Well, the first thing I needed to determine was if there was a lockout or timer that would make guest network dictionary attacks infeasible. After capturing a few of my own attempts and then writing a quick script to repeatedly submit passwords to the web interface, I determined that there wasn't really any limitation on submitting requests beyond the router's ability to process the requests. The router is a little slow at times when processing these requests, so trying to just brute force the entire 4 to 32 character password range could take more time than practical, but, with a narrower key space, a practical brute force attack was possible.
I needed to find the dictionary that was being used. My first instinct was that the dictionary would be part of the router and would be available for the web administration interface as well. After using the tools in the Firmware Modification Kit to decompress and split the router's firmware into the kernel and the file system, I started looking through the files for anything remotely worthwhile. Fortunately, there wasn't too much there and I quickly came to the conclusion that the router did not have the password list. So, the next place to look was the Cisco Connect software.
When the Cisco Connect software starts (an online demo of the user interface can be found at ui.linksys.com), it takes a few minutes to load. The reason for this is that in the background, the application is decompressing all of its support files to a temporary directory (%TEMP% for Windows users). After perusing through to the Cisco Systems\Cisco Connect\Setup.app\Contents\Resources\lcid folder, I found quite a few folders for multi-language support. Since I happen to live in the U.S., I choose the 1033 folder and, lo-and-behold, four filenames caught my eye:
ssid.first.words.dict ssid.second.words.dict guest.password.first.words.dict guest.password.second.words.dict
The file names are pretty self-explanatory and some language support folders have slightly different dictionaries (I'm guessing it is the same words translated to each language). Regardless, it would be simple to combine all of these to make one multi-language master dictionary. In the U.S. version of guest.password.first.words.dict was a list of thirty names for various nuts, fruits, and vegetables. The second word file simply contained two-digit numbers from 00 to 99. In total, there are only 3000 unique default passwords for versions of the router in the U.S. In a cursory inspection of other versions of Cisco Connect that comes with other router models, the password lists appear to be the same. Using these dictionaries along with a simple script I wrote in VBScript, I found I could brute force a Cisco Connect generated password in less than 15 minutes. A sample script is provided at the end of this article.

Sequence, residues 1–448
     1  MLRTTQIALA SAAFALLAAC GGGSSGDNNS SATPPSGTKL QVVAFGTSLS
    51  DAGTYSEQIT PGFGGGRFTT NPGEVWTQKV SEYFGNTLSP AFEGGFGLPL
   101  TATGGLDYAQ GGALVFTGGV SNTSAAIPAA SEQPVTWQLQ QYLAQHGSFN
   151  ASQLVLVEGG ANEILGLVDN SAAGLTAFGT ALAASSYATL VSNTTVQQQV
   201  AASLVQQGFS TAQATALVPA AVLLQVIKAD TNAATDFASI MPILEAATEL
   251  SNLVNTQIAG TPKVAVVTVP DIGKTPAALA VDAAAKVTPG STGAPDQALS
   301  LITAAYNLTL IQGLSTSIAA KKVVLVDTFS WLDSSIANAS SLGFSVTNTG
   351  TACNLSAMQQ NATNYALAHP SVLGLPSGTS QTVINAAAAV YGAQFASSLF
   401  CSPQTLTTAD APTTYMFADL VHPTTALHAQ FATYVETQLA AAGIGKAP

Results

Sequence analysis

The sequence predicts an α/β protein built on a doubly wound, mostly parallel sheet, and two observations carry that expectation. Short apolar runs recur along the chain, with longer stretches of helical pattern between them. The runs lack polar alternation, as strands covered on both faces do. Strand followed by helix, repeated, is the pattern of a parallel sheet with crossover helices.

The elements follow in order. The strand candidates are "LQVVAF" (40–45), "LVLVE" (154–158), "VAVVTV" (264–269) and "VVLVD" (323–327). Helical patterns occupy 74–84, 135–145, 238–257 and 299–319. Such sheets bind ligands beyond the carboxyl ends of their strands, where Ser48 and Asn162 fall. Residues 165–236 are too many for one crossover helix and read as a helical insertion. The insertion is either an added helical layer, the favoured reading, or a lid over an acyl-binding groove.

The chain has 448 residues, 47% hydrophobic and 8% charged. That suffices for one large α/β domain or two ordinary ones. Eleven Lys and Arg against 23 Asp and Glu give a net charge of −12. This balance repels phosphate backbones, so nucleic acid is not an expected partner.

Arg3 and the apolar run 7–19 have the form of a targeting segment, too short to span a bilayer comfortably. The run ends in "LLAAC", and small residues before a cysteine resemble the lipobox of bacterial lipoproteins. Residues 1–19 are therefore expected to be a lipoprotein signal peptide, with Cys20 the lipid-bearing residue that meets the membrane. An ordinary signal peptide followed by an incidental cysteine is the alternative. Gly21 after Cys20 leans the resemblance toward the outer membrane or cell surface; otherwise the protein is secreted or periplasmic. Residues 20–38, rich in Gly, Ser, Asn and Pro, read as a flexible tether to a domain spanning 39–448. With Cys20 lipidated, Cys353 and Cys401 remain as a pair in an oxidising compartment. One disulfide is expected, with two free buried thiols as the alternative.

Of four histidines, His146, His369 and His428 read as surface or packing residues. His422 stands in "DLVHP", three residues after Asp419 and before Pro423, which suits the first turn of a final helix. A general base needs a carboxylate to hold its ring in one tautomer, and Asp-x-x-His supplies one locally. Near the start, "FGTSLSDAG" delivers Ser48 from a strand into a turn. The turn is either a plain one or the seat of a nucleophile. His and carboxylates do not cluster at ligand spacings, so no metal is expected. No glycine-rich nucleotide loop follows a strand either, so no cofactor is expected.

What is the moral of the story? Yes, there are protections more useless than WEP. On a more serious note, unless you want to provide free Internet access to your neighbors or anybody else willing to do a little work, I would suggest only enabling the guest network feature when you need it and promptly disabling it afterwards. Also, be sure to generate your own strong password close to the 32 character maximum to help ensure brute forcing is not practical. Just remember that this may be pointless as your password can still be sniffed. I didn't do any major analysis to see if an attacker could get to your LAN from the guest network, but it's not beyond the realm of possibility. Caveat emptor.
Web-based Guest Network Setup - homekb.cisco.com/Cisco2/ukp.aspx?vw=1&articleid=22753
Cisco Connect Guest Network Setup - homekb.cisco.com/Cisco2/ukp.aspx?vw=1&articleid=21461
Linksys Guest Network FAQs - homekb.cisco.com/Cisco2/GetArticle.aspx?docid=f35bd58fda4148929ac482f3c7968e04_Guest_Network_Frequently_Asked_Questions.xml
Linksys User Interface Demos - ui.linksys.com
DD-WRT - www.dd-wrt.com
Firmware Modification Kit - code.google.com/p/firmware-mod-kit
Firmware Modification Kit Example Usage - www.devttys0.com/2011/05/reverse-engineering-firmware-linksys-wag120n/
Iodine - code.kryo.se/iodine
OpenVPN - openvpn.net